6. 6. mortgage brokers, the securitization of mortgages—whereby bundles of loans are sold to investment funds such as hedge funds—and a conflict of interest among credit-rating agencies. The investment tools widely used by these funds involve a lot more Keynesian uncertainty than probabilistic risk, resulting in a wave of defaults by homeowners, highly leveraged mortgage lenders, and holders of mortgage-backed securities. Moreover, it is now rec- ognized that precarious borrowing has woven its way throughout the entire global financial system. Despite the arrival of a Minsky moment, a meltdown is unlikely, says Whalen. Central banks have stepped in as “lenders of last resort” to help maintain orderly conditions in financial markets and to prevent credit dis- locations from adversely affecting the broader economy. The responses to the credit crunch have been consistent with Minsky’s advice, except for actions to preempt financial-market excesses by means of more rigorous bank supervision and tighter regulation of financial institutions. Whalen believes that Minsky’s writings about the financial system and economic dynamics continue to be meaningful and should not be relegated to times of crisis. Minsky’s ideas challenge the belief in the inherent efficiency of markets and the laissez-faire stance toward economic policy. Moreover, his views draw attention to the value of evolutionary and institutionally focused thinking about the economy. As always, I welcome your comments. Dimitri B. Papadimitriou, President October 2007 6 Public Policy Brief, No. 92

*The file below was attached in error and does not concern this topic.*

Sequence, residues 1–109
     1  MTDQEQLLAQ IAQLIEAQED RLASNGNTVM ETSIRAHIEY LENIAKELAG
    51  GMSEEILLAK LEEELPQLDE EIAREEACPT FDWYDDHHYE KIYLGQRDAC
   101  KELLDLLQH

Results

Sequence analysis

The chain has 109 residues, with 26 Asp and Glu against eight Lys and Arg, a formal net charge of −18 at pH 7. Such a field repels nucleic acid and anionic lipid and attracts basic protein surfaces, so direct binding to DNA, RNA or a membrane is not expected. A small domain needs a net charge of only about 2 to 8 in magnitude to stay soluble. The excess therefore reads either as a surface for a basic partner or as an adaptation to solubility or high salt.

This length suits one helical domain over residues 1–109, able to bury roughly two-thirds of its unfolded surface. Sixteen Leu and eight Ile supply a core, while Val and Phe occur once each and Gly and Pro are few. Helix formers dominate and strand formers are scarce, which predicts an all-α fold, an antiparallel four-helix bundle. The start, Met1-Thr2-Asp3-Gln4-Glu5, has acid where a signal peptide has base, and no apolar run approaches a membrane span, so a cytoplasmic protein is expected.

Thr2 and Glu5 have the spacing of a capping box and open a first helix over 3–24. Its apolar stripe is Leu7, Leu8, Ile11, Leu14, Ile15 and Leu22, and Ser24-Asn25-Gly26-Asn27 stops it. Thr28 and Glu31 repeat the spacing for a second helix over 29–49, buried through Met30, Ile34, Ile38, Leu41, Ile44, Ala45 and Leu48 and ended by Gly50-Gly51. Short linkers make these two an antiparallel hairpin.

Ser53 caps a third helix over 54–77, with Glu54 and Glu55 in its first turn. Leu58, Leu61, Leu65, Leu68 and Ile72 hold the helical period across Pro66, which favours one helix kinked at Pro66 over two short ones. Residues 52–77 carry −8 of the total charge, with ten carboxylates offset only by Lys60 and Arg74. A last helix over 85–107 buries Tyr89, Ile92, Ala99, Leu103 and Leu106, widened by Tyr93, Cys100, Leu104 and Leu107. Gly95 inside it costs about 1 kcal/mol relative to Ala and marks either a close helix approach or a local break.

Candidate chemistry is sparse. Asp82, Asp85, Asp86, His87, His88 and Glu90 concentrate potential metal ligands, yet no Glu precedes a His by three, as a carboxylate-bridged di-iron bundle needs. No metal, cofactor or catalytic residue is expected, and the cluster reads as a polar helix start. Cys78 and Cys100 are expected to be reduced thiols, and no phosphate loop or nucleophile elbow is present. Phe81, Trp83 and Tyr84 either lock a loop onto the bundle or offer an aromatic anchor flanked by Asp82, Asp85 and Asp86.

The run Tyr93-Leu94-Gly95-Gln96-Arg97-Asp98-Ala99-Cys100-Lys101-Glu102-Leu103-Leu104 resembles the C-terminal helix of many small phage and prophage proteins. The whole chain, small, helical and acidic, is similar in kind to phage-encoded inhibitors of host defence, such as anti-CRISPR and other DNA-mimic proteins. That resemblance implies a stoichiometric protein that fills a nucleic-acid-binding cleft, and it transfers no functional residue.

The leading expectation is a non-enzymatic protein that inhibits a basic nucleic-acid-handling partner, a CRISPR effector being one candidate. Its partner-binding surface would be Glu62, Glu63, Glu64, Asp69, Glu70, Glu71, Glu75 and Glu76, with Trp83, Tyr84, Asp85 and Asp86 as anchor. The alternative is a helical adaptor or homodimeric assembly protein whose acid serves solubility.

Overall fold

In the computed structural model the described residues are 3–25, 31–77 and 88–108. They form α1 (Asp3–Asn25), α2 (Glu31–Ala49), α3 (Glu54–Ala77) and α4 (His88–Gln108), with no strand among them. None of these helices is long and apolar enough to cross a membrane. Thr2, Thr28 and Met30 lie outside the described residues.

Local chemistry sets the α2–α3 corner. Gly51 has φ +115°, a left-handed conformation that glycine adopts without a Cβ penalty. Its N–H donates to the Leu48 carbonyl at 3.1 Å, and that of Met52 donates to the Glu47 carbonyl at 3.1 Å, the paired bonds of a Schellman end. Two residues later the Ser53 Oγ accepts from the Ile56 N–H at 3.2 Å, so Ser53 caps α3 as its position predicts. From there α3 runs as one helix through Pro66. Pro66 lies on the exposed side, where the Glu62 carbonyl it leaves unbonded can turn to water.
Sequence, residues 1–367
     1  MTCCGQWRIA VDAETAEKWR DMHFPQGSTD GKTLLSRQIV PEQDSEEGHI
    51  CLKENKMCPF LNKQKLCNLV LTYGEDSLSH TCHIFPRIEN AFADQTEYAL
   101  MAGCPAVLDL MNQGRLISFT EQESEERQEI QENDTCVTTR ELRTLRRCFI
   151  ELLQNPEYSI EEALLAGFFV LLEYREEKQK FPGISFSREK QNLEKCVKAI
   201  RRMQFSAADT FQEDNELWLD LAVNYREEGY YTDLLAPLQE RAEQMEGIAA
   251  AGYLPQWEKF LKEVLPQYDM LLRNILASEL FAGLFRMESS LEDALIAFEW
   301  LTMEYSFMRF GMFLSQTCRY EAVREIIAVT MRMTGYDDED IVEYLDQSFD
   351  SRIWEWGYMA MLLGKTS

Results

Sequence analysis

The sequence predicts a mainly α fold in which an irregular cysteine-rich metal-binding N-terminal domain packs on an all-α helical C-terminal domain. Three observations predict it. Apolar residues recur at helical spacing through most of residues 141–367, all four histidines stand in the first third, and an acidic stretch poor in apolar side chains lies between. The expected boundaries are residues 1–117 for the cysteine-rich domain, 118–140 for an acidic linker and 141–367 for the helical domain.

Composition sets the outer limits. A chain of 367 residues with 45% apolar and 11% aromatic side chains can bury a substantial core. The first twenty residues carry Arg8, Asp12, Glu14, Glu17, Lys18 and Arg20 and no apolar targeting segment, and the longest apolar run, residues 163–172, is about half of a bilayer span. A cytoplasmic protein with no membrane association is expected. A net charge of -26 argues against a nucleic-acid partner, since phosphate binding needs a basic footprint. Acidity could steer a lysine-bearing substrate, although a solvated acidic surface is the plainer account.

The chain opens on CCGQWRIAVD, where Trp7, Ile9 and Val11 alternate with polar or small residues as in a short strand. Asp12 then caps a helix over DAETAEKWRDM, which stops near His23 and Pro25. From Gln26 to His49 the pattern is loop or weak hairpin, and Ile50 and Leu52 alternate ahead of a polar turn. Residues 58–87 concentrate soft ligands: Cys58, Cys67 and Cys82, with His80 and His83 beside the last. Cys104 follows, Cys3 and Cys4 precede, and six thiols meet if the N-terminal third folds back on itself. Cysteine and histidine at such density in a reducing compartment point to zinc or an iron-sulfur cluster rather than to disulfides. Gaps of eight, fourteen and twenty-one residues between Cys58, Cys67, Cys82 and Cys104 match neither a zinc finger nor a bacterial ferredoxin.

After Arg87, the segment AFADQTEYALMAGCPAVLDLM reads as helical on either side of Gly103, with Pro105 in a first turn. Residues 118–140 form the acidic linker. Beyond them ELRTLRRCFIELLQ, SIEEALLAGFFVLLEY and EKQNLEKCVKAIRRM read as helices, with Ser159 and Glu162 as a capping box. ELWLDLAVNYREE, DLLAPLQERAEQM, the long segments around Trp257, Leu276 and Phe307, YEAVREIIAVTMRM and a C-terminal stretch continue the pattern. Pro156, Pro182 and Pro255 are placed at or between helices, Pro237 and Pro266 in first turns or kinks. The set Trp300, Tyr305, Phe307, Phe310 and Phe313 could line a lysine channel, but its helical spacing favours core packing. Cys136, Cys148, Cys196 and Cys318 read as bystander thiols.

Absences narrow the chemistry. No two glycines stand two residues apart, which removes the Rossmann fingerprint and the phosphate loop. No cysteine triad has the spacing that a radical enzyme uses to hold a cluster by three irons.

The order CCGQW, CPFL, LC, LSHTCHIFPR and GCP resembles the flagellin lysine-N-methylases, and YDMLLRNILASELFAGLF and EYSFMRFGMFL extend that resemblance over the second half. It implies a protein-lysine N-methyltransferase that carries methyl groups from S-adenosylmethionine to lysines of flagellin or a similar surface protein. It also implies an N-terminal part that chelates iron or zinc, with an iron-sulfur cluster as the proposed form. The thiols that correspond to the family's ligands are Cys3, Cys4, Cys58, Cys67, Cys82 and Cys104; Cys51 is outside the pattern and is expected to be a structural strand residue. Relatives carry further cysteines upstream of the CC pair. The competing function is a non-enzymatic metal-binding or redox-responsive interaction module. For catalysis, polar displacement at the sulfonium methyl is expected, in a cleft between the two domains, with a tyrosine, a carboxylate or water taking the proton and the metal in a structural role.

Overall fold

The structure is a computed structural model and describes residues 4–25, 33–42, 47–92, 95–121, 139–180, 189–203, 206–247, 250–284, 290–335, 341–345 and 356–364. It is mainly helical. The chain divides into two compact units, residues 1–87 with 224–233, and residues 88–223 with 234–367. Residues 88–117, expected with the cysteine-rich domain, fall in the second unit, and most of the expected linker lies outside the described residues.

7. 7. The U.S. Credit Crunch of 2007 Introduction On September 7, 2007, just after the U.S. Department of Labor released its monthly jobs report, a journalist at National Public Radio asked three eco- nomic analysts for a reaction. Their one-sentence responses were: “It’s worse than anybody had anticipated”; “It’s pretty disastrous”; and “I’m shocked” (Langfitt 2007). Before the report became available, the wide- spread view among economic forecasters was that it would show the U.S. economy gained about 100,000 jobs in August. Instead, there was no job growth for the first time in four years. In fact, there was a net loss of 4,000 jobs (U.S. Department of Labor 2007). The forecasters were not done getting it wrong, however. After publi- cation of the jobs data, a number of them predicted the news would bol- ster the U.S. stock market. Why? Because, they argued, the employment report practically guaranteed that the Federal Reserve (Fed) would cut inter- est rates on September 18. Instead, investor panic over the employment report caused the market, which had been volatile during most of the summer, to quickly lose about 2 percent on all major indices. The Fed did eventually cut rates as expected, but it took a number of reassuring comments by U.S. cen- tral bank governors on September 10 to calm Wall Street’s fears. What is now clear is that most economists underestimated the widen- ing economic impact of the credit crunch that has shaken U.S. financial markets since at least mid-July. A credit crunch is an economic condition in which loans and investment capital are difficult to obtain. In such a period, banks and other lenders become wary of issuing loans, so the price of borrowing rises, often to the point where deals simply do not get done. Financial economist Hyman P. Minsky (1919–1996) was the fore- most expert on such crunches, and his ideas remain relevant to under- standing the current situation. The Levy Economics Institute of Bard College 7